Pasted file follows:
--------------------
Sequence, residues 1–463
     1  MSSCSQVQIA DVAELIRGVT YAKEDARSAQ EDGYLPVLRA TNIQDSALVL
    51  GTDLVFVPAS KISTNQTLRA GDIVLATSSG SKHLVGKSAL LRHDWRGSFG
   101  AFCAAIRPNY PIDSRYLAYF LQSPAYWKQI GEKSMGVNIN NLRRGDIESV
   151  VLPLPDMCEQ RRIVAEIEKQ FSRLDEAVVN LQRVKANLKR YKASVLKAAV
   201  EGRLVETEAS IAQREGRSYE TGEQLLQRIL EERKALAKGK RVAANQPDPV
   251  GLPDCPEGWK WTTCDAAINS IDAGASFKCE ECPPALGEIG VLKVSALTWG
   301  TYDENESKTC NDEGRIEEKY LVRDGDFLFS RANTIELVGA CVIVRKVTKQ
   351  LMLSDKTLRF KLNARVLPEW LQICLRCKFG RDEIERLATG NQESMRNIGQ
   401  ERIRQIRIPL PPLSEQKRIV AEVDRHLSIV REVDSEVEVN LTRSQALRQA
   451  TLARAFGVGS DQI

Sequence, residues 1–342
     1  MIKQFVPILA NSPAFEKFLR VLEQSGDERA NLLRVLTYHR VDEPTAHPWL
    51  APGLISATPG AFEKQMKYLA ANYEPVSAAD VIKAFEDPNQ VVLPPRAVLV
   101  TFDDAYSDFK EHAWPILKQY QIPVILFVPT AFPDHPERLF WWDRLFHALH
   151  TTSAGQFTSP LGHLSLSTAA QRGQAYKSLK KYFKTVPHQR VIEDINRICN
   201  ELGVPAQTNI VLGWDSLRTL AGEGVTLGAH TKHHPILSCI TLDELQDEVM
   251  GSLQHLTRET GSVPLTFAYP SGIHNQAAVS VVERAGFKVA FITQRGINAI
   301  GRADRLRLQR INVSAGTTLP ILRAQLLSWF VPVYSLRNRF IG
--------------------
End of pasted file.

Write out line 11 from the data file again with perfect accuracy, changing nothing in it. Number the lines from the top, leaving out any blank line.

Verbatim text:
   451  TLARAFGVGS DQI